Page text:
History is an interpretation of the overlapping and at times contradictory stories about the past. These stories, and their interpretations, profoundly shape modern identities and perspectives on culture. The following collection of oral histories recounts the stories of different residents in Harrisburg and the organizations in which they have been involved. The stories illustrate both the diverse individual backgrounds of residents in Harrisburg and the ways in which each of these stories intertwines to create a unique city identity.
Finding Home Collection
Finding Home is an oral history project that explores the different notions of “Home” experienced by the people living in the Harrisburg area. The city of Harrisburg has been home to people from all walks of life, some born and raised here and others making home, bringing with them stories from previous lives. Stories include topics of relocation across borders and how to create home here in central Pennsylvania.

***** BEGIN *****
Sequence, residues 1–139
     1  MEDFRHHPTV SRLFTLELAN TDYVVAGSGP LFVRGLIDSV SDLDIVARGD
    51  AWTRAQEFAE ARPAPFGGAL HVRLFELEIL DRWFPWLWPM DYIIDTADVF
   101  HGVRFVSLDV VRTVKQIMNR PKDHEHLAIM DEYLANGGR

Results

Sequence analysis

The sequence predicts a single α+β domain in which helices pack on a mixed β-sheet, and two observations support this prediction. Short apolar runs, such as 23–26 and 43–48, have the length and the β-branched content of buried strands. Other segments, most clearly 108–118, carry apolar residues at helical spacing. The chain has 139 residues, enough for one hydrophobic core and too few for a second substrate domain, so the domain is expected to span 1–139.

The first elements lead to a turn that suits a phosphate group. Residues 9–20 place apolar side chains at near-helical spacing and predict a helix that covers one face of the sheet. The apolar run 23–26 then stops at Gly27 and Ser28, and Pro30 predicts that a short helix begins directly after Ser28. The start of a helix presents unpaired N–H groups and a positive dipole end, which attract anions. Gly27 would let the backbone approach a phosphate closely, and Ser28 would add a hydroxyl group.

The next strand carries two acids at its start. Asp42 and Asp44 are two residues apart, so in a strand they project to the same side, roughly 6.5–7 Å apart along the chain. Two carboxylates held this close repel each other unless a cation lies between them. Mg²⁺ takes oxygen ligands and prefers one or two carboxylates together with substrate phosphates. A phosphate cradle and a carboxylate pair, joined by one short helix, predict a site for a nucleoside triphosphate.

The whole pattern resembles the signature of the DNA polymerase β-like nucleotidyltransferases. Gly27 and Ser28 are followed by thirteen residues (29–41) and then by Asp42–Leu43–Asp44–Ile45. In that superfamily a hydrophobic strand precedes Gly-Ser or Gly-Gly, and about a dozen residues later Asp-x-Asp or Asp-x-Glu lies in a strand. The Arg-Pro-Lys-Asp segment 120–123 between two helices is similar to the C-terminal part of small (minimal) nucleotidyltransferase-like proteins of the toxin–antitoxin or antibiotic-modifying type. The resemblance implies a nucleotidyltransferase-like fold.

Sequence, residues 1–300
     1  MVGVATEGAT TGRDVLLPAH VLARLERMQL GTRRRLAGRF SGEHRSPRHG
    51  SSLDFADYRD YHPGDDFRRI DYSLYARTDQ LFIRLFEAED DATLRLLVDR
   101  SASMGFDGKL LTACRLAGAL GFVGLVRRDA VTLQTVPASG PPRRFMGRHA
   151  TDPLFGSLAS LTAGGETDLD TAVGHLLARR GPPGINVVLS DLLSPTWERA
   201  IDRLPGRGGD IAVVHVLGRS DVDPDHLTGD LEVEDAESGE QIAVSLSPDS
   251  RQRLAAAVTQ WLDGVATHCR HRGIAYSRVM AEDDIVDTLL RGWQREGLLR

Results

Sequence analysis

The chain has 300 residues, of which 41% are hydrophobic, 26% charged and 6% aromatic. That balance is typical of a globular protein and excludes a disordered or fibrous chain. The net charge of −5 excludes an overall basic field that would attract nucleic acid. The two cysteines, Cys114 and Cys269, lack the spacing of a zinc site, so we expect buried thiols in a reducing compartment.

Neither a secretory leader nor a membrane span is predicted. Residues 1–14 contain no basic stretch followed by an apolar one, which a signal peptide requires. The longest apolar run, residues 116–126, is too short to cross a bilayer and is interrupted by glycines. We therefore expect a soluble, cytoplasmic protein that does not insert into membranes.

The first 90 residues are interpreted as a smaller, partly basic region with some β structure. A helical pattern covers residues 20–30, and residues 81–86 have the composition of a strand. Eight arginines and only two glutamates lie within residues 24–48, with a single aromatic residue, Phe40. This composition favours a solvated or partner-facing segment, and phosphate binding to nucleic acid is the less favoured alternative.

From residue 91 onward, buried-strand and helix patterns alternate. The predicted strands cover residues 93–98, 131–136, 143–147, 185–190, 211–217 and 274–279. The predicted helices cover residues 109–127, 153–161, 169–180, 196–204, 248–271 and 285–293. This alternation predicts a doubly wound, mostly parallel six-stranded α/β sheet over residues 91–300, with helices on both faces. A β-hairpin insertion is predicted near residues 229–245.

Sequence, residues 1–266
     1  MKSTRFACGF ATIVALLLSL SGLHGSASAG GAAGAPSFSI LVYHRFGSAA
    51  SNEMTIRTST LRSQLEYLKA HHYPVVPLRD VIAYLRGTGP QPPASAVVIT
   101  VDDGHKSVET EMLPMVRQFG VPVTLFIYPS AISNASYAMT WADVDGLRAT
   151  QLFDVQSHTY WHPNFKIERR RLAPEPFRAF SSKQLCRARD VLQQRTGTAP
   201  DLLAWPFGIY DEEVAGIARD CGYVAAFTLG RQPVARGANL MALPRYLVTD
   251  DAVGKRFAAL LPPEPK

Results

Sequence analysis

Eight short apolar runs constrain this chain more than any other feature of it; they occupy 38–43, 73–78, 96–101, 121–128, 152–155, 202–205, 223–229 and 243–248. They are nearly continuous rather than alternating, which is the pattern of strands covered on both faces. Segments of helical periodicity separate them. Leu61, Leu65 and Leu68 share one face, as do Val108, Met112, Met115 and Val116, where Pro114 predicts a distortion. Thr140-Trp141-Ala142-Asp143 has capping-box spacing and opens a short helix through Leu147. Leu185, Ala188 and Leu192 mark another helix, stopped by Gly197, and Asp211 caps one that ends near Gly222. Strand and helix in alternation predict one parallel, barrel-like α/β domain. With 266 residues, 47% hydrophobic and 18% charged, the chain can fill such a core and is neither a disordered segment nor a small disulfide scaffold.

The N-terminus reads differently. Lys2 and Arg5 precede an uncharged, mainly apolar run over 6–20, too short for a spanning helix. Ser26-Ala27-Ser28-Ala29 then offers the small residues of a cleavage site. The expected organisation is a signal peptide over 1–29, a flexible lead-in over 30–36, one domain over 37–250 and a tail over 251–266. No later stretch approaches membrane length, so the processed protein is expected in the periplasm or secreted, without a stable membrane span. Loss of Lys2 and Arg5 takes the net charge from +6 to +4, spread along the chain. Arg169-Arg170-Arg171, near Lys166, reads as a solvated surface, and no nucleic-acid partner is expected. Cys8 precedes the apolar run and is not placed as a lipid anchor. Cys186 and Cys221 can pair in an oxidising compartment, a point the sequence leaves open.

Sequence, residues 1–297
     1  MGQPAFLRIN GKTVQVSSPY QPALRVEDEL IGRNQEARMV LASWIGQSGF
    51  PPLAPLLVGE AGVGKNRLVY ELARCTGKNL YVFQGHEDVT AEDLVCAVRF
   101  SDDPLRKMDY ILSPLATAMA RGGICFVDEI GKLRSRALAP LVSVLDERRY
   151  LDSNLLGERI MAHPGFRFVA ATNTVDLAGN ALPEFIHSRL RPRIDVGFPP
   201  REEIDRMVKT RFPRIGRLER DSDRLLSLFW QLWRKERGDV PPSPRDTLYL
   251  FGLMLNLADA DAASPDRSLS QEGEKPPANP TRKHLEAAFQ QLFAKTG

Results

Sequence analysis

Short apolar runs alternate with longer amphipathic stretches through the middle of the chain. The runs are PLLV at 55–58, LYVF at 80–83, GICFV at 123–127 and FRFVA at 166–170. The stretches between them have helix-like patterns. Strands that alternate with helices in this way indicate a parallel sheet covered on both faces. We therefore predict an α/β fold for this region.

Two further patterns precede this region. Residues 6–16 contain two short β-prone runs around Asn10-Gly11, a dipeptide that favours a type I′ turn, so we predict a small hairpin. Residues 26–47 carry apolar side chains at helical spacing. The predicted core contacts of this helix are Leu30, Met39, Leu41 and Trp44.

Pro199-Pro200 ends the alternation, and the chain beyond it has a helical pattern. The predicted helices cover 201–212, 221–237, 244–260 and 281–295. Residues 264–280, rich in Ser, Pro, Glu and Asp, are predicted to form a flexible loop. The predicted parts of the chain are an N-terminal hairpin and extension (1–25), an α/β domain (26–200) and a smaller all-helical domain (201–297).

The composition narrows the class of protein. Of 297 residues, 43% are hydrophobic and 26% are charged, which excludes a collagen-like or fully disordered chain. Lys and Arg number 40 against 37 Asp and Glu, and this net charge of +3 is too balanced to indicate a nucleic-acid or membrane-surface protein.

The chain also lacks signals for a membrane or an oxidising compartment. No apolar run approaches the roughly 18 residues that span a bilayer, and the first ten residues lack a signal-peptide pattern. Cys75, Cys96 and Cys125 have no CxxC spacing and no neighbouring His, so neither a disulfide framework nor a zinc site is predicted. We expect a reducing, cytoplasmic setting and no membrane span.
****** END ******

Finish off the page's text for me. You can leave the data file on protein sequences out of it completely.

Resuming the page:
Finding Home: Borany Kanal-Scott Interview
Borany Kanal-Scott tells the story of her journey from war-torn Cambodia to a refugee camp, New Zealand in 1980, and then eventually to central Pennsylvania where she has lived for 17 years. She discusses how being uprooted in childhood and her journey to the US permanently affected her view of what home means and how she finds belonging not in a place but through God and the Church.
Back to School Collection